Hugh Elliott, the UK ambassador to Spain, has indicated that British nationals who have been unable to exchange their driving licences for Spanish ones and are therefore no longer legally able to drive could be back on the road by the end of July.
In a video posted on the embassy's Brits in Spain Facebook page, the ambassador stressed that the authorities have been working on resolving the problem every day and he said that although he knows that those affected want to know when they can drive again, he could not give a precise date.
However, there was some encouraging news: he explained that the UK and Spain have reached agreement on the core issues which have been problematic until now, and are very close to finalising the actual text of the agreement.
When that is done - and he indicated that it could be as soon as this week - there will be legal clearances, language checks and final political approvals that both countries will have to go through, and as this agreement will be in the form of an international Treaty, certain procedures will also be necessary, such as approval by Spain's cabinet of ministers.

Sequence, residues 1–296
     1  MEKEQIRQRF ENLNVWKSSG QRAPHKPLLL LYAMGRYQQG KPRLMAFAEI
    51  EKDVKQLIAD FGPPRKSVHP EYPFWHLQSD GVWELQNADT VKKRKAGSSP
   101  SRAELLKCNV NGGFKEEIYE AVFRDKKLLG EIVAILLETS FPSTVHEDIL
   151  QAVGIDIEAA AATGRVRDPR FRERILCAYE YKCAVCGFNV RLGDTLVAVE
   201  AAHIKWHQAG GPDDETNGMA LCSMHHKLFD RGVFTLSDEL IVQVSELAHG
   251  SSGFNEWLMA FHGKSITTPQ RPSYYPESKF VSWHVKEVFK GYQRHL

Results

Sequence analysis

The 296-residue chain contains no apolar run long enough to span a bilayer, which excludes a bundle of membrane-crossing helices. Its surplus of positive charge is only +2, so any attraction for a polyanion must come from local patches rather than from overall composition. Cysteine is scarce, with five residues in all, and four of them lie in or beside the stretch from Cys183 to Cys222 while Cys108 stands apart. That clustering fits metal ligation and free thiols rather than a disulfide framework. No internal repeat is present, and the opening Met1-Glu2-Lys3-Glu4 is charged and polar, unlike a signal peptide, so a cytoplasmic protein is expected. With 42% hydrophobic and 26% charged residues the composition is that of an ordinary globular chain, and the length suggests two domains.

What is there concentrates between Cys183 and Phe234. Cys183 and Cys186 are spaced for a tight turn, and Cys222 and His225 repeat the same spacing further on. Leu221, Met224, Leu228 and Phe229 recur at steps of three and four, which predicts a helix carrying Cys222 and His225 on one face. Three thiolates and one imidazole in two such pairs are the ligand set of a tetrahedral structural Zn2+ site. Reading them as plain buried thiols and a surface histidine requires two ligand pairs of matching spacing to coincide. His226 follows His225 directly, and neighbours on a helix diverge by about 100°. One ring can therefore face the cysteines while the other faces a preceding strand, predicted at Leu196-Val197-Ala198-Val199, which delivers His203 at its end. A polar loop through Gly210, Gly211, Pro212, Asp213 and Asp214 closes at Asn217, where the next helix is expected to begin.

The ambassador stressed that as the processes are not entirely in the UK's hands, he couldn't make any promises about timescale, but he could give a best estimate.
"We are looking at a date of having you back on the road around the end of July," he said. "Although this is only weeks away I know it will feel like a very long time," he added, saying that the authorities are doing everything they can at every point to try to accelerate and advance matters as quickly as they can.
He sympathised with people who are experiencing real difficulties because they are not permitted to drive in Spain because of these licence problems, and said he does not underestimate how challenging these are.
He encouraged people who are affected to explore local support options available, although he said he recognised that in some places these are limited at best, and he recommended that anyone who is very vulnerable should contact their local consulate for help.